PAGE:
# Statistical power

The power of a statistical test is the probability that the test will reject a false null hypothesis (that it will not make a Type II error). As power increases, the chances of a Type II error decrease, and vice versa. The probability of a Type II error is referred to as the false negative rate (β). Therefore power is equal to 1 − β.

Power analysis can either be before (a priori) or after (post hoc) data is collected. A priori power analysis is conducted prior to the conducting of research and is typically used to determine an appropriate sample size to achieve adequate power. Post-hoc power analysis is conducted after a study has been conducted and uses the obtained sample size and effect size to determine what the power was in the study assuming the effect size in the sample size is equal to the population effect size.

Statistical tests attempt to use data from samples to determine if differences or similarities exist in a population. For example, to test the null hypothesis that the mean scores of men and women on a test do not differ, samples of men and women are drawn, the test is administered to them, and the mean score of one group is compared to that of the other group using a statistical test. The power of the test is the probability that the test will find a statistically significant difference between men and women, as a function of the size of the true difference between those two populations. Despite the use of random samples, which will tend to mirror the population due to mathematical properties such as the central limit theorem, there is always a chance that the samples will appear to support or refute a tested hypothesis when the reality is the opposite. This risk is quantified as the power of the test and as the statistical significance level used for the test.

Statistical power depends on:

• the statistical significance criterion used in the test
• the size of the difference or the strength of the similarity (that is, the effect size) in the population
• the sensitivity of the data.

A significance criterion is a statement of how unlikely a result must be, if the null hypothesis is true, to be considered significant. The most commonly used criteria are probabilities of 0.05 (5%, 1 in 20), 0.01 (1%, 1 in 100), and 0.001 (0.1%, 1 in 1000). If the criterion is 0.05, the probability of the difference must be less than 0.05, and so on. One way to increase the power of a test is to increase (that is, weaken) the significance level. This increases the chance of obtaining a statistically significant result (rejecting the null hypothesis) when the null hypothesis is false, that is, reduces the risk of a Type II error. But it also increases the risk of obtaining a statistically significant result when the null hypothesis is in fact true; that is, it increases the risk of a Type I error.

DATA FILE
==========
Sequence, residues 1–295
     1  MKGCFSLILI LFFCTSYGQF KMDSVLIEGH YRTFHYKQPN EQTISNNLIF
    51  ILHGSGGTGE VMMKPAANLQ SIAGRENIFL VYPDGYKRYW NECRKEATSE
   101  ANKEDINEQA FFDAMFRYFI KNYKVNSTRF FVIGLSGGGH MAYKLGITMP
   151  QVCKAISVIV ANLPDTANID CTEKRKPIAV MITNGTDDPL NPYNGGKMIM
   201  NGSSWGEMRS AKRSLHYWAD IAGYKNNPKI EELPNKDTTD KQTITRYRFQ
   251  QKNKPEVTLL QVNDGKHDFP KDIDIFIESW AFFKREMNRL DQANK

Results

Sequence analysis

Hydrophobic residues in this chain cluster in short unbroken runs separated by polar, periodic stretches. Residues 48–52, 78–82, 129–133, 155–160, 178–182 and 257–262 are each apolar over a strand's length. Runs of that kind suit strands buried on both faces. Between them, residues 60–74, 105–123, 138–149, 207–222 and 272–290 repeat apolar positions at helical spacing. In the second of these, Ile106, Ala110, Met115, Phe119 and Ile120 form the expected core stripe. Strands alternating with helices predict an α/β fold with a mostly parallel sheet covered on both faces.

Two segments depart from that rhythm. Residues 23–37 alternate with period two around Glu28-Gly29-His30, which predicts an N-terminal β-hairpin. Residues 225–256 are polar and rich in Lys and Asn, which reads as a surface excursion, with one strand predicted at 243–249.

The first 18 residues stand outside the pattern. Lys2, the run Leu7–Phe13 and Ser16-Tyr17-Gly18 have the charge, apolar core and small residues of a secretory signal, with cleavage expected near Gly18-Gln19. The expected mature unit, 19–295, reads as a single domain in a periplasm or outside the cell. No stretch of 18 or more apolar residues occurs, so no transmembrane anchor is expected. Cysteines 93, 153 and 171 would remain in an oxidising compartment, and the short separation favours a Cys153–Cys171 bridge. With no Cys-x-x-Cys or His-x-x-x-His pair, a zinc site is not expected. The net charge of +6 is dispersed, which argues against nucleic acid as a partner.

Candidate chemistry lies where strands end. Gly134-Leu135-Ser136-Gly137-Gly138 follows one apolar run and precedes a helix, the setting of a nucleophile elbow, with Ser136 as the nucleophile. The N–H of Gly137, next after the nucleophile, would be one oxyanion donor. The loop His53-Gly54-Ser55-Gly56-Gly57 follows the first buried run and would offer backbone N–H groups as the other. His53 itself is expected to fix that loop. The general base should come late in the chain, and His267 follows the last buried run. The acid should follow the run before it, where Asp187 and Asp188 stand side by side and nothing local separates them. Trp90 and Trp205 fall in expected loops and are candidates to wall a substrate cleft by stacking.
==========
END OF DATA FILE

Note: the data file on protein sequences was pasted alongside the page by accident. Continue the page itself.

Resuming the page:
Calculating the power requires first specifying the effect size you want to detect. The greater the effect size, the greater the power.

Sensitivity can be increased by using statistical controls, by increasing the reliability of measures (as in psychometric reliability), and by increasing the size of the sample. Increasing sample size is the most commonly used method for increasing statistical power.

Although there are no formal standards for power, most researchers who assess the power of their tests use 0.80 as a standard for adequacy.

A common misconception by those new to statistical power is that power is a property of a study or experiment. In reality any statistical result that has a p-value has an associated power. For example, in the context of a single multiple regression, there will be a different level of statistical power associated with the overall r-square and for each of the regression coefficients. When determining an appropriate sample size for a planned study, it is important to consider that power will vary across the different hypotheses.

There are times when the recommendations of power analysis regarding sample size will be inadequate. Power analysis is appropriate when the concern is with the correct acceptance or rejection of a null hypothesis. In many contexts, the issue is less about determining if there is or is not a difference but rather with getting a more refined estimate of the population effect size. For example, if we were expecting a population correlation between intelligence and job performance of around .50, a sample size of 20 will give us approximately 80% power (alpha = .05, two-tail). However, in doing this study we are probably more interested in knowing whether the correlation is .30 or .60 or .50. In this context we would need a much larger sample size in order to reduce the confidence interval of our estimate to a range that is acceptable for our purposes. These and other considerations often result in the true but somewhat simplistic recommendation that when it comes to sample size, "More is better!"

However, huge sample sizes can lead to statistical tests becoming so powerful that the null hypothesis is always rejected for real data. This is a problem in studies of differential item functioning.

Funding agencies, ethics boards and research review panels frequently request that a researcher perform a power analysis. The argument is that if a study is inadequately powered, there is no point in completing the research.